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The final version of the GOP tax plan is here, and this is what your new bracket will be.
Republican legislators haggled over the Tax Cuts and Jobs Act up to the last minute, garnering final support from holdouts Sens. Bob Corker, R-Tenn., and Marco Rubio, R-Fla.
Though the new law will maintain the same seven-bracket structure that's currently in force, Republicans have tweaked the rates and income levels at which they apply.
Under current law, the seven tax brackets are 10 percent, 15 percent, 25 percent, 28 percent, 33 percent, 35 percent and 39.6 percent.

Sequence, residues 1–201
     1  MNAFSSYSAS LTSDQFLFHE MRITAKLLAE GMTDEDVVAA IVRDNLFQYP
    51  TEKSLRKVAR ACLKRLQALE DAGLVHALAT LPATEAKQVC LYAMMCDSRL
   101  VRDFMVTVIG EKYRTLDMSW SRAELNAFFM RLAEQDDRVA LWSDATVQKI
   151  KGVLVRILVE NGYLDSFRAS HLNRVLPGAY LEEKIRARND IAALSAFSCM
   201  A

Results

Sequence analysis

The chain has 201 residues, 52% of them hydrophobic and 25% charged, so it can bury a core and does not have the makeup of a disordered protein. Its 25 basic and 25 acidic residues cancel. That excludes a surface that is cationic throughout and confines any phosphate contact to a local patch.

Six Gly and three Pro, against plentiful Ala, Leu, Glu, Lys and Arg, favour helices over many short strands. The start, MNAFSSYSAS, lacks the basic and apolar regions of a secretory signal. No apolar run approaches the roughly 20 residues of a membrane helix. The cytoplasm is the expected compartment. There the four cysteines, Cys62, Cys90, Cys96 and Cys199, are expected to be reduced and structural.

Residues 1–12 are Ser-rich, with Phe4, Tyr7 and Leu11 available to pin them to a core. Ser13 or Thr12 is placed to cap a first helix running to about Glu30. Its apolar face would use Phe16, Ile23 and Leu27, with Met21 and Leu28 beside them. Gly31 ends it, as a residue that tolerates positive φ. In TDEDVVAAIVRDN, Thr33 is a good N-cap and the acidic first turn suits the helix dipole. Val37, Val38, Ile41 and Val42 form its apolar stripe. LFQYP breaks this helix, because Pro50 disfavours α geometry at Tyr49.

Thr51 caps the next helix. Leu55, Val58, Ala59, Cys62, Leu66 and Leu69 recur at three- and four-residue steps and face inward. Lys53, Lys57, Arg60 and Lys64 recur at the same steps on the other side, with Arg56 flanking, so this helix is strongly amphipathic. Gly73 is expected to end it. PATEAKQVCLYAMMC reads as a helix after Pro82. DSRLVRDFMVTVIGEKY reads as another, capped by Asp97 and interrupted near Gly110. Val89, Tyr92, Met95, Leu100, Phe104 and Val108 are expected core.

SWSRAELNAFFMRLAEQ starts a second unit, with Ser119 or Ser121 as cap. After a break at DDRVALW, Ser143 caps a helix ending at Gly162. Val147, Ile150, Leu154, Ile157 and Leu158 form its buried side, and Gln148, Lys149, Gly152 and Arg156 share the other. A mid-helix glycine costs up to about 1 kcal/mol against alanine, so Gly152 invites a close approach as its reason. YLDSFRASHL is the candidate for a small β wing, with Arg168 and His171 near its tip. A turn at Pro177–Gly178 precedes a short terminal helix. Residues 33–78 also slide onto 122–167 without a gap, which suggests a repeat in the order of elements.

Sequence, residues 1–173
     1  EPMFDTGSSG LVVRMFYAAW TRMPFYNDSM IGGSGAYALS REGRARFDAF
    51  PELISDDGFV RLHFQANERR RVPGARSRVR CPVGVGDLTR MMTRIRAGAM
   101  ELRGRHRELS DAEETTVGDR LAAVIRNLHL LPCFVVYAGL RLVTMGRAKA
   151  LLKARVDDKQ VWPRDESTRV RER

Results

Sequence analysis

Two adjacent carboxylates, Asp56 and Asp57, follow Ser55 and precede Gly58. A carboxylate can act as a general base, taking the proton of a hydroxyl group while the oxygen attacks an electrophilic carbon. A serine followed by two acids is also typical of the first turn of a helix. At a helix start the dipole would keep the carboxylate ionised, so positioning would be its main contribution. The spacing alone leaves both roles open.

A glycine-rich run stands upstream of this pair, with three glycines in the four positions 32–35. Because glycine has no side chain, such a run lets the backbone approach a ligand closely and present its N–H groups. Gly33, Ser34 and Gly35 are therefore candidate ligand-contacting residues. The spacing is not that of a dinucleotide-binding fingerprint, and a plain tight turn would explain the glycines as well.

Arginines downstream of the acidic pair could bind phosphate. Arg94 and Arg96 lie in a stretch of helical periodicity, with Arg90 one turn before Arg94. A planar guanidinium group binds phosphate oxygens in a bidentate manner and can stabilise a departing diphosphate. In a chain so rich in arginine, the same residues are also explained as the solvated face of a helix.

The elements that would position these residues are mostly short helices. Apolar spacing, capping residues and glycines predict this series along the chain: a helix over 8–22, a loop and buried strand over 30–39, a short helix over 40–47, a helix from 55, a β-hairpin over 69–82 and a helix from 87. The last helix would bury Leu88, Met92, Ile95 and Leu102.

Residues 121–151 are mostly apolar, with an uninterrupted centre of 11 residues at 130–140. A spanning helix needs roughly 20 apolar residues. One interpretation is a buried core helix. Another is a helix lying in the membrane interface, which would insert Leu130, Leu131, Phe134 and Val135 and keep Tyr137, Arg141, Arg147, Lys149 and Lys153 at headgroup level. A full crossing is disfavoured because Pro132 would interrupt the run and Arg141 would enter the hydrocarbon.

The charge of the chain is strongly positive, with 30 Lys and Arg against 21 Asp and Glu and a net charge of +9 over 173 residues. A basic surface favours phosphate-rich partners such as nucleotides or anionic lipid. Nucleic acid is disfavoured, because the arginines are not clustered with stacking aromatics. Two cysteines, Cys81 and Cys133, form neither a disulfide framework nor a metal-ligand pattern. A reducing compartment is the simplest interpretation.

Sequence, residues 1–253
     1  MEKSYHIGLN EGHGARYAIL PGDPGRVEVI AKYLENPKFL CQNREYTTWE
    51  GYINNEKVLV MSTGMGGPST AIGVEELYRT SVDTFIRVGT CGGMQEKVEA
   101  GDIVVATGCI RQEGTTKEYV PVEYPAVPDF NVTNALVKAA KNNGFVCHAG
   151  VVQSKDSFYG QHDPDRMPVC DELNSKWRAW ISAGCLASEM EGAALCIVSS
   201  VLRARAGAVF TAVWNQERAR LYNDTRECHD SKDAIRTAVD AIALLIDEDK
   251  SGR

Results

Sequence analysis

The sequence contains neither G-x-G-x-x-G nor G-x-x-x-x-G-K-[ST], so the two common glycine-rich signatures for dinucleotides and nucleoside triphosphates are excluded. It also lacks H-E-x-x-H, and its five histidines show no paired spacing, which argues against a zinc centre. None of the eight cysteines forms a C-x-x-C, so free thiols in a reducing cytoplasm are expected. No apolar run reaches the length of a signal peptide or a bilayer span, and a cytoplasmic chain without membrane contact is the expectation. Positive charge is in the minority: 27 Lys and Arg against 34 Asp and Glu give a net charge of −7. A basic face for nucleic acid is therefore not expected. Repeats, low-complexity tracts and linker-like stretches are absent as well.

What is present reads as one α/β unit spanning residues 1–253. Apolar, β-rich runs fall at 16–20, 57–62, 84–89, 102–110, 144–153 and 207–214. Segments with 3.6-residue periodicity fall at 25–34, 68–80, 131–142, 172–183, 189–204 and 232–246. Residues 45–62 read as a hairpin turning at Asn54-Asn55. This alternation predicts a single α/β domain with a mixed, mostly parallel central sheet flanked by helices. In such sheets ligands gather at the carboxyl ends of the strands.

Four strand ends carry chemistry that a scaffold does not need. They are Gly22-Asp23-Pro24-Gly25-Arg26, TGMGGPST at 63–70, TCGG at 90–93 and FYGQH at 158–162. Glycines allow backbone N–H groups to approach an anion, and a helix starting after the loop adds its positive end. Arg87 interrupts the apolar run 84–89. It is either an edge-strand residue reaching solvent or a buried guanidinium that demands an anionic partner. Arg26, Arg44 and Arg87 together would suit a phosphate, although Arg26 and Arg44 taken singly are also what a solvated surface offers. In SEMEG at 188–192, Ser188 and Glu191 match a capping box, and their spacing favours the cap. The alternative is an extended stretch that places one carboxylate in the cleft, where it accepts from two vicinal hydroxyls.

The bill, signed into law by President Donald Trump on Friday, pegs the new rates at 10 percent, 12 percent, 22 percent, 24 percent, 32 percent, 35 percent and 37 percent.
See below for a breakdown of the income tax brackets for singles.
Here are the rates for married couples who file jointly.
Finally, here are the rates for heads of household.
For comparison, here would be the 2018 brackets under the current tax law, adjusted for inflation.
Financial advisors have been concerned about the rates and brackets because they are instrumental in shaping financial planning strategies, including managing retirees' income in order to get the preferential rate of zero on long-term capital gains and dividends.
"The rates are one thing, but the brackets — we want to know what income levels do these brackets apply," said Keith Fenstad, partner and director of financial planning at Tanglewood Total Wealth Management in Houston.
WATCH: Republicans make key changes to tax bill